Panama: More Than A Celebration

Hannah Faulkner, Copy/Proofreading and College Corner Editor

While Americans were lining up to vote, citizens in the Central American country of Panama were celebrating. This week in Panama was arguably the most festive and exciting week of the entire year. Monday kicked the festivities off with the equivalent to the 4th of July- Panama-Colombian Separation Day. Tuesday, the celebrations continued with Flag Day. Finally, Dia de Colón (Columbus Day) on Wednesday topped off the holiday week. Each day came with its own set of celebrations, each as unique and lively as the Panamanian people themselves.

The South American countries of Panama, Colombia, Venezuela, and Ecuador once were united together as Gran Colombia, as a response to Spanish Independence. Eventually, the union divided into the borders we know today, but with one exception: Panama continued to be under Colombian control. Panama continued under Colombian rule for more than seventy years, until one fateful day in November. November 3 was the turning point for Panamanian independence, and is seen as a definitive chapter in the people’s history. “Panama was not the country we know today, it was in the hands of other countries. But on this day, Panama became independent, could separate from Colombia, and carry it’s unique flag.” Nasi Martinez, a native Panamanian, speaks his opinions on this important national holiday. “That is why I am so excited to celebrate this day. For me, Independence is the best holiday because Panama is proud of this event in its history, and now we are an independent country with a unique flag.”

This brings up the next holiday- Flag Day. Every year on November 4, Panamanians join together to celebrate the distinct flag of their country. For the citizens of Panama, however, Flag Day is more than a day of recognition for the country’s national banner. The flag of Panama was designed and created in secret, before independence. The current quartered flag was designed by the first president of independent Panama: Manuel Amador Guerrero. Maria Ossa de Amador is credited as the creator of the flag. The colors of the flag- red, blue, and white represent the Conservative Party, the Liberal Party and peace, respectively. The two stars represent purity and the law of the new independent country. Schools across Panama celebrated this national holiday with school wide parades and marches. Choruses sang patriotic songs, and music was played from the various ethnic groups spread throughout the country.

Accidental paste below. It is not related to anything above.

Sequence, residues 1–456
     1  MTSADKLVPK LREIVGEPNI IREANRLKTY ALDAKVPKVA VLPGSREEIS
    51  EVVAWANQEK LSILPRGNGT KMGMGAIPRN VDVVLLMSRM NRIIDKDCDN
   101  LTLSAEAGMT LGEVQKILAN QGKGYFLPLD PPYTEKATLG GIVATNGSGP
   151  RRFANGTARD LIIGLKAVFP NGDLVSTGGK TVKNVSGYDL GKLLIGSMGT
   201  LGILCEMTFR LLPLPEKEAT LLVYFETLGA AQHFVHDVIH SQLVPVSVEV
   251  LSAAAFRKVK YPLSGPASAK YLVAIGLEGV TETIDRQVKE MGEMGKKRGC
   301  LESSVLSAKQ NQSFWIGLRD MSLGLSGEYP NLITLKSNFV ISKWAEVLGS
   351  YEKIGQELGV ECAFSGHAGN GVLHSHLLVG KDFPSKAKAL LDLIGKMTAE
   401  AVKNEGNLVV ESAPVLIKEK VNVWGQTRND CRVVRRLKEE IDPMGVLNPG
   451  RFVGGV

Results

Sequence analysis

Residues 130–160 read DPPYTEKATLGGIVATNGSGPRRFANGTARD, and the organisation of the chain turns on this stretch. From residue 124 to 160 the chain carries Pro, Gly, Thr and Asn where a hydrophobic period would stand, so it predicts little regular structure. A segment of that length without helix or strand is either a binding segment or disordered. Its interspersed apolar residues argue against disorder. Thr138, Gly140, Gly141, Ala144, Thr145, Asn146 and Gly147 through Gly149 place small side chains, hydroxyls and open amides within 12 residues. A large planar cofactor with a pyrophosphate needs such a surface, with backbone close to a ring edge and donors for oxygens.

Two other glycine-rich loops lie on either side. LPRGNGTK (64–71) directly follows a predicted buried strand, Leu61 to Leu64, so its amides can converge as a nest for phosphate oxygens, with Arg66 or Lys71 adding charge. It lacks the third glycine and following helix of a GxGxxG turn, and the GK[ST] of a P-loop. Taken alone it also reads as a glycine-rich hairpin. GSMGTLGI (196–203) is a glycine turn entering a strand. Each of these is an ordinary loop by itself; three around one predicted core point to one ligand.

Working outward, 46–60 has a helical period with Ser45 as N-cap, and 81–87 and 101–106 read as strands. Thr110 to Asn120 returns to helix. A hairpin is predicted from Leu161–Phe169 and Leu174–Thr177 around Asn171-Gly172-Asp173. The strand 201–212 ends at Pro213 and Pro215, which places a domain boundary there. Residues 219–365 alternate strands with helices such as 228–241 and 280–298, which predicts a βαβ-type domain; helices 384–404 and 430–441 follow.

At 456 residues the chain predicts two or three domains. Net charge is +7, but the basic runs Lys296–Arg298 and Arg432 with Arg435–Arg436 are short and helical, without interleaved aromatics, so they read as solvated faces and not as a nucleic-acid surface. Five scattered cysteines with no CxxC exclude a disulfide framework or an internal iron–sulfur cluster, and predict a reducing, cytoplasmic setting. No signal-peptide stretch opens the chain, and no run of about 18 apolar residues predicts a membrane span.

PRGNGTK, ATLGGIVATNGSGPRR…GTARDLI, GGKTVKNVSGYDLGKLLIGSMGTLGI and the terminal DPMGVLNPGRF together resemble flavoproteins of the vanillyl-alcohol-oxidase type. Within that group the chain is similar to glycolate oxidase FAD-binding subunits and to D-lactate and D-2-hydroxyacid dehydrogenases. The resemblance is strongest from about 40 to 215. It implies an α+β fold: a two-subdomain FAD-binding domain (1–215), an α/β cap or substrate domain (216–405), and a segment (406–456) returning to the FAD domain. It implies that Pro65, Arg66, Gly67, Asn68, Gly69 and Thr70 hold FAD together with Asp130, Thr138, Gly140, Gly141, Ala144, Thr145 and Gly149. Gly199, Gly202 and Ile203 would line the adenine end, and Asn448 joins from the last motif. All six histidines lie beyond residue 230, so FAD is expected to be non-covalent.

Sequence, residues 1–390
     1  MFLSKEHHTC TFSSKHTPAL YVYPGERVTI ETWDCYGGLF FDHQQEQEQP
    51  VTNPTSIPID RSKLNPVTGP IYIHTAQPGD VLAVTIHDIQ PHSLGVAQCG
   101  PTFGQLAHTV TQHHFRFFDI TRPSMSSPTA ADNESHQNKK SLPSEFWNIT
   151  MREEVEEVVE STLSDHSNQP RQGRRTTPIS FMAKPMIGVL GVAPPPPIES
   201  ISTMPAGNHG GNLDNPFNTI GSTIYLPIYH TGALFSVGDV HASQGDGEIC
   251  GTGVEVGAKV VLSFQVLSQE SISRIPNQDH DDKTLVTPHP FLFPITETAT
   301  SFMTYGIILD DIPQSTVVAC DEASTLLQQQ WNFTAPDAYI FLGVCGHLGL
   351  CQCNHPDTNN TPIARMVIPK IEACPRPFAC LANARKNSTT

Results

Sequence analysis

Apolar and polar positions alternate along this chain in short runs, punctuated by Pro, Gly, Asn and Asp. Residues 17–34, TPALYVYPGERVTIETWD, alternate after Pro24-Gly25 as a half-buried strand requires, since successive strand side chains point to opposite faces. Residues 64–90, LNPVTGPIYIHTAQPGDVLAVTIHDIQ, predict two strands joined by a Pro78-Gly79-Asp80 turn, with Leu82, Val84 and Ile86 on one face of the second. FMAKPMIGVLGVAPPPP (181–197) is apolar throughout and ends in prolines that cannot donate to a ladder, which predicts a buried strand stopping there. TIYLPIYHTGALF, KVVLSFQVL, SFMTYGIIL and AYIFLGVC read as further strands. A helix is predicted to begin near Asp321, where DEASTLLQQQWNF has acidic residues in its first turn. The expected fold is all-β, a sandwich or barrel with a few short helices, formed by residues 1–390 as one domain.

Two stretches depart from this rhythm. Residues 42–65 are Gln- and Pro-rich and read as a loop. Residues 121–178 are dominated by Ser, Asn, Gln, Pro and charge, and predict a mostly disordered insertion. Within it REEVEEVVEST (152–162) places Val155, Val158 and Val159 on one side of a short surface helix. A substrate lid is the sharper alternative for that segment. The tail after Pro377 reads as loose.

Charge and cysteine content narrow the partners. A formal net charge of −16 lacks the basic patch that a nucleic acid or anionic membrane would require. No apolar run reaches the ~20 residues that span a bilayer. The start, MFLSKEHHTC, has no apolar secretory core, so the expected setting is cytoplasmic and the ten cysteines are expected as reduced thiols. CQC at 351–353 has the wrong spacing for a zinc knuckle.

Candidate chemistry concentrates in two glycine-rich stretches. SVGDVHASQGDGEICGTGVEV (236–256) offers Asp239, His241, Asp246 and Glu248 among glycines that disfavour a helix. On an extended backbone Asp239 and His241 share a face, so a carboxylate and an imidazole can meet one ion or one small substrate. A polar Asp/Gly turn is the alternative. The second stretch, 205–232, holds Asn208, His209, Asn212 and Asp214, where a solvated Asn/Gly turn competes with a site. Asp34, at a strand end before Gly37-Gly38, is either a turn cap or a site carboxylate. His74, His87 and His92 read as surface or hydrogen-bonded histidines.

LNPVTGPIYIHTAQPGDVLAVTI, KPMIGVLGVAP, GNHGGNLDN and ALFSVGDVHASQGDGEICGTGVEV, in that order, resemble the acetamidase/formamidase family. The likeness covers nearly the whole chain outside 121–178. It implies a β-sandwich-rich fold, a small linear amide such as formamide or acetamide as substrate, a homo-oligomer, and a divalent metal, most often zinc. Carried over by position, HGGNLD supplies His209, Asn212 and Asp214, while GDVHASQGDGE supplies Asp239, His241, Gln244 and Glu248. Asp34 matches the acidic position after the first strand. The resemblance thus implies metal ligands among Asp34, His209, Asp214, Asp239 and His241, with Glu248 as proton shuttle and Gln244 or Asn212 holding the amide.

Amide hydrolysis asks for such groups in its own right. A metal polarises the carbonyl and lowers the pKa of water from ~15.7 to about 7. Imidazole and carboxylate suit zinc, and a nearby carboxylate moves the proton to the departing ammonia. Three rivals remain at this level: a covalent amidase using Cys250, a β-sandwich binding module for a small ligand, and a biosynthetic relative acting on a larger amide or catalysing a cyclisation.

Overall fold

Finally, the celebrations wrapped up with Día de Colón on November 5. This day is equivalent to the American Columbus Day. One of the oldest settlements of the Americas is located in Panama, so the celebrations are on a much larger, national scale.

Overall, this week has been one of happiness and festivities in Panama. Panamanians are rejoicing independence and celebrating the history and uniqueness of their country.